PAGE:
A useful calmodulin (CaM) antagonist, N-(6-aminohexyl)-5-chloro-1-naphthalenesulfonamide (W-7), was invented by Hidaka et al. in 1978. Here, we have designed new CaM antagonists on the basis of the three-dimensional structure of Ca2+/CaM complexed with W-7. Eleven new compounds all share a similar architecture, in which two W-7 molecules are linked between their aminohexyl termini by a linker with different functionalities. A wide range of inhibitory activities against Ca2+/CaM-dependent protein kinase I (CaM kinase I) has been observed with these self-crosslinked W-7 analogs, (W-7)2. In vitro competitive CaM kinase I assays using CaM kinase I and nuclear magnetic resonance studies indicated that one (W-7)2 molecule binds to one CaM molecule as expected, with the two chloronaphthalene rings of (W-7)2 being anchored separately to the N- and C-terminal hydrophobic pockets of Ca2+/CaM. The most potent compound, N,N'-bis[6-(5-chloro-1-naphthalenesulfonyl)-amino-1-hexyl]-p-xylene-diamine ((W-7)2- 10), inhibits CaM kinase I activity at an IC50 value of 0.23 μM; about 75 times more effectively than W-7. The length and basicity of the linker sequence in (W-7)2 significantly contribute to inhibitory activity. The present study opens an avenue for developing powerful CaM antagonists that could be used at low doses in vivo.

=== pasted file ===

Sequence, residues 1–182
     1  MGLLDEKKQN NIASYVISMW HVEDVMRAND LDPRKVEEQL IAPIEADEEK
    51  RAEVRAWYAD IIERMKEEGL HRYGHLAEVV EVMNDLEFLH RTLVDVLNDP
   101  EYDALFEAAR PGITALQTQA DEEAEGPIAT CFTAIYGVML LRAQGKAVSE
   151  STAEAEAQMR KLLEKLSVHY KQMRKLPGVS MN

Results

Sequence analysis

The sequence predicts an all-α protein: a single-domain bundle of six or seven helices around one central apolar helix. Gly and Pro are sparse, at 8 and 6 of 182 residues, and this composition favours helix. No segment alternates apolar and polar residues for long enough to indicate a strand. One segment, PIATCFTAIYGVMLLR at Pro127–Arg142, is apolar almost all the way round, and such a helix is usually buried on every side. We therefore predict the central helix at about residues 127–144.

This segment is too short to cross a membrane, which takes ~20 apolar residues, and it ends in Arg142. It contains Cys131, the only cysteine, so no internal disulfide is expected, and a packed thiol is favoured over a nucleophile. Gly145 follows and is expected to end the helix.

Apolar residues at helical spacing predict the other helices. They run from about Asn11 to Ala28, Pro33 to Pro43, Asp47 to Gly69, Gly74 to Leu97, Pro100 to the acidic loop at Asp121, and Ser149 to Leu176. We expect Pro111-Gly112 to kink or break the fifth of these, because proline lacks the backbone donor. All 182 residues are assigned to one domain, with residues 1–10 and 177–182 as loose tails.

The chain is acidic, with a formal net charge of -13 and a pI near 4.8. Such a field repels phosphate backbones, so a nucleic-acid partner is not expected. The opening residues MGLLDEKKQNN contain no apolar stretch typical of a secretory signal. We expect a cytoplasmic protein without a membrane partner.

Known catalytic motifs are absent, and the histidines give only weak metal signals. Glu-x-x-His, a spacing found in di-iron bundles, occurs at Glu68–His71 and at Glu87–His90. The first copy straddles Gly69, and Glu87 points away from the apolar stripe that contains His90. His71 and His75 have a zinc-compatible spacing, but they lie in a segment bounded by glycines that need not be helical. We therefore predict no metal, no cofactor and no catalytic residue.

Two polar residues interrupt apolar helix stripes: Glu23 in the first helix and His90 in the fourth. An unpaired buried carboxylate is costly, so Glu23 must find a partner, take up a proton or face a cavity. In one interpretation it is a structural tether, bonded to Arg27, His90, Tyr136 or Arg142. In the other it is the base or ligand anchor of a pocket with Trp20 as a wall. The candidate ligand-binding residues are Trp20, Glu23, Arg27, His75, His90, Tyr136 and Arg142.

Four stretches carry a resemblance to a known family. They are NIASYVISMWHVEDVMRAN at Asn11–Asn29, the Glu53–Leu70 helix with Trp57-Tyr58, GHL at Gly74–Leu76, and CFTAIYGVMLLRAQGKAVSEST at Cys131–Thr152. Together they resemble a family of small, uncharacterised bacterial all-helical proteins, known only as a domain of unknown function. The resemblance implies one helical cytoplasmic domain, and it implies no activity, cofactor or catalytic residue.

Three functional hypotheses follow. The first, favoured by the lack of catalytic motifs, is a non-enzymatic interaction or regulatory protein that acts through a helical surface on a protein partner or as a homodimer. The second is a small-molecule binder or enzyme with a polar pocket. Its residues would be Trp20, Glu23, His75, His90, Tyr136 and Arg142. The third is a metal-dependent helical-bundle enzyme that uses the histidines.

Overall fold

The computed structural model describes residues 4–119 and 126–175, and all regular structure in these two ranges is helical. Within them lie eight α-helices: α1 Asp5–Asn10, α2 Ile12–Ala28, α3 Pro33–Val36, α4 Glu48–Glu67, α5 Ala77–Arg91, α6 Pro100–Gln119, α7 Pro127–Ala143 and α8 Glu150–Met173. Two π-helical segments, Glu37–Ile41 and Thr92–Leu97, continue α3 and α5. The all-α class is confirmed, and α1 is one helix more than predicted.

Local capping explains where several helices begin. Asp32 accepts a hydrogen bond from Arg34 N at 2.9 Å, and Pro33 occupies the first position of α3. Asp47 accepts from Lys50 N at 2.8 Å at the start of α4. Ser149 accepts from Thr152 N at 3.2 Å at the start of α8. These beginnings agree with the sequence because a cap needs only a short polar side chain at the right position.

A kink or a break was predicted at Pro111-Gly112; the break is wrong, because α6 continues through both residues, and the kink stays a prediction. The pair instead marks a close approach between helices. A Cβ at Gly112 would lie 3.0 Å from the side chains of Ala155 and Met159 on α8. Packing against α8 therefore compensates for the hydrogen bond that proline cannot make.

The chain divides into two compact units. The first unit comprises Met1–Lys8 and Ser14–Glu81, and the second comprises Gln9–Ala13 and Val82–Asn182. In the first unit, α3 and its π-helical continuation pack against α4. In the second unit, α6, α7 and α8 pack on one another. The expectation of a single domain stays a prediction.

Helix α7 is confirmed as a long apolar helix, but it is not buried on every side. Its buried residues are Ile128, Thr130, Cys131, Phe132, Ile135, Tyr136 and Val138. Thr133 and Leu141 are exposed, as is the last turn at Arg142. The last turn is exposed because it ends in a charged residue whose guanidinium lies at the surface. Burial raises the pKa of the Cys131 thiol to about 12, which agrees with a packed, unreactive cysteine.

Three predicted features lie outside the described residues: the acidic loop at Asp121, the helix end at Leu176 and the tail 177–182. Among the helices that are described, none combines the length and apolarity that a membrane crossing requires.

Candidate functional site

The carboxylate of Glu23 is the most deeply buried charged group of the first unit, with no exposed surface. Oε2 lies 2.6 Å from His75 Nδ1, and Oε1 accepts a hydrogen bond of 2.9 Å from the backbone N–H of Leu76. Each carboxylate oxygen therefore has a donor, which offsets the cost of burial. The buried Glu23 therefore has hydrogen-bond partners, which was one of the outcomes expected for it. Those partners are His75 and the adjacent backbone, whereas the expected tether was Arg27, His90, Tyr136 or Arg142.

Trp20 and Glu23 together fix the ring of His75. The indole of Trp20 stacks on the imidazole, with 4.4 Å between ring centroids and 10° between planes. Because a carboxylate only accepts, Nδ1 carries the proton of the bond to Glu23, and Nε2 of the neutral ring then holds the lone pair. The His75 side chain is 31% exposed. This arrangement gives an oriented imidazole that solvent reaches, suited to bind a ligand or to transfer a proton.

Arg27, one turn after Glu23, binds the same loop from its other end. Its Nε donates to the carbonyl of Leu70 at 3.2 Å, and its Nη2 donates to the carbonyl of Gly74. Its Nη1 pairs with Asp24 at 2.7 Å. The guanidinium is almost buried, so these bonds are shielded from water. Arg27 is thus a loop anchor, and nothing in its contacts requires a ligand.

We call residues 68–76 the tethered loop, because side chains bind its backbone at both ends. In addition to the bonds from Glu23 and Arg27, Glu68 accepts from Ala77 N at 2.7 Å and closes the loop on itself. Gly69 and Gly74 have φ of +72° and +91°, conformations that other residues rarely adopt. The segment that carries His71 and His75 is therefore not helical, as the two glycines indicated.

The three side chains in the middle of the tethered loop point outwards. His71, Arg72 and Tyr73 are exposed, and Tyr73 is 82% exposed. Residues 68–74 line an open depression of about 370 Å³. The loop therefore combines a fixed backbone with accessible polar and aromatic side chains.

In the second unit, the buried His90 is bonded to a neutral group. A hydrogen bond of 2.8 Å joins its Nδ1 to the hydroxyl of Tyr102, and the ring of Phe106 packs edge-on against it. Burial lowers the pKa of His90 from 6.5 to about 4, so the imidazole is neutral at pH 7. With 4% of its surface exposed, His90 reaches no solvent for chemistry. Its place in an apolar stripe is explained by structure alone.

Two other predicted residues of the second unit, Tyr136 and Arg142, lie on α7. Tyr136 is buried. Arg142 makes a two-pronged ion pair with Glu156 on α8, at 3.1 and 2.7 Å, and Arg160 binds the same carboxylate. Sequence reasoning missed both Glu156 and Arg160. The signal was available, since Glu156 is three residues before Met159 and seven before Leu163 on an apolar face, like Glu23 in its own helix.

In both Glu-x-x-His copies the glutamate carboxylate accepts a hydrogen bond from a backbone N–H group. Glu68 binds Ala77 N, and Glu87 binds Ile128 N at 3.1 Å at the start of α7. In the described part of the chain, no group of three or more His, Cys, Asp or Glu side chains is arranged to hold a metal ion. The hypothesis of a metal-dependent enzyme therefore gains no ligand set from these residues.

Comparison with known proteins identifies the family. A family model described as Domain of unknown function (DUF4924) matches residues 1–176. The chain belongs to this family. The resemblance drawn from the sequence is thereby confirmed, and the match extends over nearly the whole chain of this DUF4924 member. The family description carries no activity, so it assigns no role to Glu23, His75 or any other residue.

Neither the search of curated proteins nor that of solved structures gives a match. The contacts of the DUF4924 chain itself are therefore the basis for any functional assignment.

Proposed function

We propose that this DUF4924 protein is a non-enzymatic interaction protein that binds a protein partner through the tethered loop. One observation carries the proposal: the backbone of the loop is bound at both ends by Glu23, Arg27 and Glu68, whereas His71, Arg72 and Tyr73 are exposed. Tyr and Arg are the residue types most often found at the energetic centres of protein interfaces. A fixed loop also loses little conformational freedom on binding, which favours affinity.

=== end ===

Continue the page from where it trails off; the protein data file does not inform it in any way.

|ジャーナル||Drug Design and Discovery|
|出版ステータス||Published - 1999|
ASJC Scopus subject areas
- Molecular Medicine
- Drug Discovery